Iliotibial band (ITB) pain
What is the ITB?
The iliotibial band (or iliotibial tract) is a long fibrous tendon that reinforces the upper leg and connections near the buttocks. It enables the flexing and extending, in a circle of motion, of the hip. It also stabilises the knee to sideways motions. Due to its stabilising effects in the legs, it is used constantly during walking and running. When a person is leaning forwards with a slightly flexed knee, the ITB is the knee's main support against gravity.
What causes ITB pain?
Iliotibial band syndrome is an overuse injury resulting from the inflammation of the ITB. It occurs when the ITB and the lower outside portion of the thigh bone at the knee joint rub against each other. It commonly occurs in athletes, cyclists, and runners.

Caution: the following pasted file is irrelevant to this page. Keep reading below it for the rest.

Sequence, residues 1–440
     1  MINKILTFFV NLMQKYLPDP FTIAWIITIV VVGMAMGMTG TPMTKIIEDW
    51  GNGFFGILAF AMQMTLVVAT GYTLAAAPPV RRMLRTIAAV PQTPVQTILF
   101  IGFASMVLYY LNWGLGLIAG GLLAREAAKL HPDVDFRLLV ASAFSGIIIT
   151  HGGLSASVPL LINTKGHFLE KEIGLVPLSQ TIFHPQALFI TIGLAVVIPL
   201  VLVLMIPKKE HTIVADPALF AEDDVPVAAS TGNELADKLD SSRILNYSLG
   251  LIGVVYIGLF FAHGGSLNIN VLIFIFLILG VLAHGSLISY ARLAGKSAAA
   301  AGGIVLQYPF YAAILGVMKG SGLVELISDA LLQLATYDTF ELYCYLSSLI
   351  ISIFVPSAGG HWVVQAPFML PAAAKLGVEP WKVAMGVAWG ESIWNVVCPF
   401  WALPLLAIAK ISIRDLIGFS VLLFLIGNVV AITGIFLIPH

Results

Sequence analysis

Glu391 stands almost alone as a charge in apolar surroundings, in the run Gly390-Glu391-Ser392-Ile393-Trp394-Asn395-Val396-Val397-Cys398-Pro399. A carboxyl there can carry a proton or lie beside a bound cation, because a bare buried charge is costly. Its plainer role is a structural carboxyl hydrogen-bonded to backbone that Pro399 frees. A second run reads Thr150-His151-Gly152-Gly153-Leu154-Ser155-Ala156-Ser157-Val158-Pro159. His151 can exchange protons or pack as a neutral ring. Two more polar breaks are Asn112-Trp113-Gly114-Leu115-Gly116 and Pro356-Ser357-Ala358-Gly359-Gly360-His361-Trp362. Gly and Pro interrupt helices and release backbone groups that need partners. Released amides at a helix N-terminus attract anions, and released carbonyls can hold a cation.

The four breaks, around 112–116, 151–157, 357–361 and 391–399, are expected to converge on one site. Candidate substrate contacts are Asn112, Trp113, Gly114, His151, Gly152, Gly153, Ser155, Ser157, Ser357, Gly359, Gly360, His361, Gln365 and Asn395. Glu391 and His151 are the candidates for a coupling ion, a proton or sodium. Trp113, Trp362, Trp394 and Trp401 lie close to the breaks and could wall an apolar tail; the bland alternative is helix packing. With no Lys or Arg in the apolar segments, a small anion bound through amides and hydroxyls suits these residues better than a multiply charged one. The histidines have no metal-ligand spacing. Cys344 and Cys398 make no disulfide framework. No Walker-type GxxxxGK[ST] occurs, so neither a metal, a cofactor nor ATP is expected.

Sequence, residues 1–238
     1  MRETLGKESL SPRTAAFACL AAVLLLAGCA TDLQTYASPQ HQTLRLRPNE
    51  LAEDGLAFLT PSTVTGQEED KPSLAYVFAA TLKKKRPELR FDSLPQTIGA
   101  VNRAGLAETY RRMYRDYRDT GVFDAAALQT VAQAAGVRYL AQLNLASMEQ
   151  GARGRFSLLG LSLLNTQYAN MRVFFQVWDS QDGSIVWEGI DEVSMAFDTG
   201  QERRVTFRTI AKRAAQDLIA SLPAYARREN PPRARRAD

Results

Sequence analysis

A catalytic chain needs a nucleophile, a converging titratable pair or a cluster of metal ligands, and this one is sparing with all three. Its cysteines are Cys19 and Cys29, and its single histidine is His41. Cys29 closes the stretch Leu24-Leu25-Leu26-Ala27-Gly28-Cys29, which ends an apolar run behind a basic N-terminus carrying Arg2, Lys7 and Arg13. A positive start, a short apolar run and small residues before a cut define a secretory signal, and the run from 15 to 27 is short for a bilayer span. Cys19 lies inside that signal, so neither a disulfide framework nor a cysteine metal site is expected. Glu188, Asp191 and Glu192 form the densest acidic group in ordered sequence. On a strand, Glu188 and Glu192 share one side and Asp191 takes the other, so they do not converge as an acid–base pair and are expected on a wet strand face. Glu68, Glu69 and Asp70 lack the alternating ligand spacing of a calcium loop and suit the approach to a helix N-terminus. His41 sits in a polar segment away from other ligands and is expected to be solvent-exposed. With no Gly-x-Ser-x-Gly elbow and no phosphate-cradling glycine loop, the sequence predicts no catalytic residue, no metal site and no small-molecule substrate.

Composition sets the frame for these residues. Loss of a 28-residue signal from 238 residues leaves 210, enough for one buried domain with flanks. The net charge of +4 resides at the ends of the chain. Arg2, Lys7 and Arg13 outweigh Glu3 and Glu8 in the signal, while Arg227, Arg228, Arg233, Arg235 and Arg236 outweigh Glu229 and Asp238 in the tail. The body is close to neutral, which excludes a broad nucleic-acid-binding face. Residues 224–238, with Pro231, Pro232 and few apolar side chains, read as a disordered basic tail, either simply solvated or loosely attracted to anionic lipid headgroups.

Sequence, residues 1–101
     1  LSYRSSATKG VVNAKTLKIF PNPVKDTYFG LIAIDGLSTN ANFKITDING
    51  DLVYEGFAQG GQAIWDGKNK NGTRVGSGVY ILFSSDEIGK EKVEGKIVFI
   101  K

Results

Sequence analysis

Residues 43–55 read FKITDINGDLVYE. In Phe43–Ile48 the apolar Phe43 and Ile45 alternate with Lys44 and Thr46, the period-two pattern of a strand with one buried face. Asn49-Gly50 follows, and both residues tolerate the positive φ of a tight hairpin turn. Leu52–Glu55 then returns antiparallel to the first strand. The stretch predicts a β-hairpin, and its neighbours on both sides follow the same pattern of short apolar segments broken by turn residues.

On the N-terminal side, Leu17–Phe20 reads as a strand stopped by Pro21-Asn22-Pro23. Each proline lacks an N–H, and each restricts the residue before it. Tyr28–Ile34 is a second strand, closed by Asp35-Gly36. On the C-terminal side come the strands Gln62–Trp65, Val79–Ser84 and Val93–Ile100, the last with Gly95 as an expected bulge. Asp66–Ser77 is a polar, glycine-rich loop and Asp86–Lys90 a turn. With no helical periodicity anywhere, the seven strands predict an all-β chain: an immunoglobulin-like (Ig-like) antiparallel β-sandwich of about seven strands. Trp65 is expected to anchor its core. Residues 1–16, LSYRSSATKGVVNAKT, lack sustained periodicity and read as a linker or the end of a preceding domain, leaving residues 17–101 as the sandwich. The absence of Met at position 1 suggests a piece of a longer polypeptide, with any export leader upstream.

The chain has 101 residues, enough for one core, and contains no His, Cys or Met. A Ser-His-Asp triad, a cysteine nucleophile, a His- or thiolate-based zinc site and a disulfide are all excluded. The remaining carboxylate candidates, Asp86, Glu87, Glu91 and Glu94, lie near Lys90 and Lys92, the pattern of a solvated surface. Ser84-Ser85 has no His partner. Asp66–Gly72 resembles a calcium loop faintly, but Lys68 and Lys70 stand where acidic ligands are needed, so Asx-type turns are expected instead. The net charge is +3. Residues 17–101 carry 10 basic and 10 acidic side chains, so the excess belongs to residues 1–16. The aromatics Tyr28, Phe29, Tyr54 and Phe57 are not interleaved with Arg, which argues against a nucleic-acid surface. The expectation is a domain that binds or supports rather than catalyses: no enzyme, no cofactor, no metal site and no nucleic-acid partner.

There are many contributing factors to this condition, including:
Poor running mechanics or style
Weaker proximal hip muscles
Poor foot placement during activity
Referred issues due to tightness in the hip and knee
How is ITB pain treated?
Shockwave therapy (lithotripsy) can be used to reduce pain through its direct effects on pain receptors in the leg, whilst additional collagen and blood vessel formation is promoted to support the body healing and supporting itself to recover.
What shouldn’t you do if your ITB is painful?
Don’t train on rough or uneven surfaces
Don’t skip cooling down and stretching after activity
Don’t push too far too quickly - slowly increase distance or effort over sessions
Don't delay health professional involvement
Contact QLS - all phone calls are free and one of our team can let you know if we can help - with no commitment from you unless you’re ready
Wikipedia - Iliotibial band syndrome